“I don’t think it’s fair to him when we go to another facility and talk to other directors and just ask them what needs to be done in Warner Robins, and we pay this man all this money,” Lee said.

Lee said listening to everyone’s opinions, from Dodson and other directors to residents, is essential to running a vibrant city. He said lack of communication among council and residents has left projects undone for years. Lack of communication with residents has caused confusion and stunted community involvement.

To open communication in city hall, Lee said he will begin his term with a series of meetings for council to assess the state of the city and hear the visions of each department director. He would continue those meetings on a regular basis, he said.

To open communication with residents, he will allow them to give input on agenda items and development plans before council votes.

“At times, we really know what’s best because we have the insight, but we need to say, ‘This is why we’re trying to move in this direction. And if you have any questions or concerns, let us know now before we go that way,’ ” he said.

Ongoing projects, such as the sports complex and visitors center, need to be completed, Lee said. Those on the 2012 special purpose local option sales tax list need to be prioritized and downsized according to the incoming revenue.

The sports complex would be at the top of his list, he said.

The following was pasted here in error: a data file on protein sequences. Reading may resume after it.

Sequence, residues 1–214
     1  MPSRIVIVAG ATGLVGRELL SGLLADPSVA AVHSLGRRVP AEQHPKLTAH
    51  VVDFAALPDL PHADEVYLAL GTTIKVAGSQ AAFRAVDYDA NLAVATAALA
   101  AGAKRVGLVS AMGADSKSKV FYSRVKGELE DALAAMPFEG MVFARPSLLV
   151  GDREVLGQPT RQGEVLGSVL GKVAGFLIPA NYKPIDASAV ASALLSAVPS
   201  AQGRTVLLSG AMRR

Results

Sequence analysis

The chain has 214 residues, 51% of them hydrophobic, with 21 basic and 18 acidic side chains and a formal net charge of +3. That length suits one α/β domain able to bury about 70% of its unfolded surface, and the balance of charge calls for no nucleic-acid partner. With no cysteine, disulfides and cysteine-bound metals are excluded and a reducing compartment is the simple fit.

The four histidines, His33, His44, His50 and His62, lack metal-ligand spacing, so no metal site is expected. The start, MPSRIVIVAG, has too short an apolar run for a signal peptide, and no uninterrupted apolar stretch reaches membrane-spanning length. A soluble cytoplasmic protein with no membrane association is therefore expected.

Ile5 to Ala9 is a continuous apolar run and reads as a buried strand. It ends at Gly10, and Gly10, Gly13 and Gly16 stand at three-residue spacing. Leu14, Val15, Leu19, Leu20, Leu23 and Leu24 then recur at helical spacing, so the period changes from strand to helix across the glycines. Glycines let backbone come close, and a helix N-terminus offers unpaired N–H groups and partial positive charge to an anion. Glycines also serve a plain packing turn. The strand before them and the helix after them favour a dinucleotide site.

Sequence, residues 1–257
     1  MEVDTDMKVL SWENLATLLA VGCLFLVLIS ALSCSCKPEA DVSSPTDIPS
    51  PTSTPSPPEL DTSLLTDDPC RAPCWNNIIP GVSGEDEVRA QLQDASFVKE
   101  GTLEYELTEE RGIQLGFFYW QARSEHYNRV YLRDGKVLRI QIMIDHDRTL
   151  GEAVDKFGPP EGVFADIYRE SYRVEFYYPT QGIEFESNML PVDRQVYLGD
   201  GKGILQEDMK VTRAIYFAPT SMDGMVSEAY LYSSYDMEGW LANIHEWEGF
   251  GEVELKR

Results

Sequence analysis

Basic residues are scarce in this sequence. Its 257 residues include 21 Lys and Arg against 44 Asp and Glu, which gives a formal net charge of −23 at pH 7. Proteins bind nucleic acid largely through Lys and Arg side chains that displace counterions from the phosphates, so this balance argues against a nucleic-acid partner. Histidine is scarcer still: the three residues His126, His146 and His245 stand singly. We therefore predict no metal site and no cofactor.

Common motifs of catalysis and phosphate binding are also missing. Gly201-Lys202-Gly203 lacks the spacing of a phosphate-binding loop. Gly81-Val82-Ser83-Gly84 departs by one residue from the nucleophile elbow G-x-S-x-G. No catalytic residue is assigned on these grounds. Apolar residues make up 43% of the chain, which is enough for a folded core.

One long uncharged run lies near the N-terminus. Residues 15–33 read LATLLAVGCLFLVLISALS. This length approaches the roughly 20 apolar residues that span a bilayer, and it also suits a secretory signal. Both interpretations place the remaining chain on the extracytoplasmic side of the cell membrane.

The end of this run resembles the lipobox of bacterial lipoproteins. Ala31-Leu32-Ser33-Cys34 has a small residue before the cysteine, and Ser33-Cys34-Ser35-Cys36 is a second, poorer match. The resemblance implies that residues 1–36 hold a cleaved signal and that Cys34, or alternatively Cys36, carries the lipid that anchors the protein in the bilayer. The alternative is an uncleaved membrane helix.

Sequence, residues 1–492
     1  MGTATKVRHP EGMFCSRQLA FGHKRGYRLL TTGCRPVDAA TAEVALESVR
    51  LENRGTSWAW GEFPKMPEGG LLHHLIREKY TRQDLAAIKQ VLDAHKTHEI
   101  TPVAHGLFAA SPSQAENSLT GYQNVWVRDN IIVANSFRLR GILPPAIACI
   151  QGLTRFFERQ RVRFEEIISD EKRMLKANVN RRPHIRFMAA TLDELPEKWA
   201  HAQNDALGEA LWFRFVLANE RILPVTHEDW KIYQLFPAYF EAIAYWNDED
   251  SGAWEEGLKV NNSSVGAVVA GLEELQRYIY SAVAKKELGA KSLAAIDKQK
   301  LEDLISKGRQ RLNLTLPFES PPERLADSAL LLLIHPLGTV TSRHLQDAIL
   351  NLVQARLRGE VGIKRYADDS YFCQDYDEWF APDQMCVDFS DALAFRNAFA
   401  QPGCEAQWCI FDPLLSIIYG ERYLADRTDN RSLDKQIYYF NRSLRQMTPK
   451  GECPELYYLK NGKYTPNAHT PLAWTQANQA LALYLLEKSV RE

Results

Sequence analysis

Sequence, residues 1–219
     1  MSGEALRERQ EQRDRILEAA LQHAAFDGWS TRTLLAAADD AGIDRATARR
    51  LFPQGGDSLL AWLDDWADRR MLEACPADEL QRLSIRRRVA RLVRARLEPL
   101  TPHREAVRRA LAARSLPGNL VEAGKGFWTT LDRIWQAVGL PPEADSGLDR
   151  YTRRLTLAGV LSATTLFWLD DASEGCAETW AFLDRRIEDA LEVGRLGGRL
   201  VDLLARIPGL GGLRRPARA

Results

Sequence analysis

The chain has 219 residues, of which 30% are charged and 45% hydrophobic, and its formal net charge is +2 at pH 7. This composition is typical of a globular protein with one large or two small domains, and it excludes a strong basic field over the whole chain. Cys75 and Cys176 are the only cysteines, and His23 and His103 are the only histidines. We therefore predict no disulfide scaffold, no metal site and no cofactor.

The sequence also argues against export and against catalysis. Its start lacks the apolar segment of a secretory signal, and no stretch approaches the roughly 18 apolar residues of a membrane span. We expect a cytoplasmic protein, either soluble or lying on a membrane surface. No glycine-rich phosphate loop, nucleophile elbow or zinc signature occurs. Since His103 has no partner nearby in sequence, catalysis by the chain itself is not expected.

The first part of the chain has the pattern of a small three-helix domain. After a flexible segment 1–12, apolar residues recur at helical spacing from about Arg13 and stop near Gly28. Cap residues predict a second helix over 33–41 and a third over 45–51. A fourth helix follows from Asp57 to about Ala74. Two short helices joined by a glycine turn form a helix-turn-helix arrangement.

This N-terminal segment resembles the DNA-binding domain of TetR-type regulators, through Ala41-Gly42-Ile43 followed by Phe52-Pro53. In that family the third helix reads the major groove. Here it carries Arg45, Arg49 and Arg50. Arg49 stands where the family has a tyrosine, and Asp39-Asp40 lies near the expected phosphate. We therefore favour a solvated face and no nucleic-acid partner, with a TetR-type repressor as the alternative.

“We are missing millions of dollars due to that, as far as tourism,” Lee said, adding other projects could also bring the city money. “In order to market the city, we have to have things in place to market it.”

The city is also in need of a grant writer for all departments and projects, as well as a program manager who could oversee the many projects. Funds for a contracted program manager are in the fiscal 2014 budget, but there is no contract in place yet.

“You have to show, ‘This is how we benefit,’ ” Lee said. “If people can’t see where you’re going, then they’re hesitant to go with you.”

Public transit is also something Lee said he would push for as mayor. He said residents need to be convinced the system is an investment that the Department of Defense and corporations would welcome as alternative transportation for employees.

“It’s not just for those who are unemployed or who need transportation to get to the doctor and that kind of thing; that’s only a portion of it,” Lee said, adding he has talked to the Perry and Centerville mayors about collaborating on a system with the Macon Transit Authority.

Lee said he personally has a working relationship with others in the region, but as mayor he could make that a city relationship with the region.

Centerville Mayor John Harley gave his views of some of the mayoral candidates, including Lee. Harley is not campaigning for, nor supporting, any of the six candidates.

“Daron is really working very hard to try to get additional industry in our area,” Harley said. “When he talks, he is always talking about region.”

For public safety, Lee said the city has adequate officers but may need to work on diversity to “represent the community because people would feel more comfortable.”

In fact, the councilman said, the city needs to work on inclusion as a whole. Every economic status and race should be included in “International City” decisions.

Lee would be the first black elected mayor of Warner Robins if he won in November, but he said that’s not his reason for running.

“If I concentrate on being the first, then it’s about me,” he said. “It’s not about me. I’m running for the people.”

To contact writer Christina M. Wright, call 256-9685.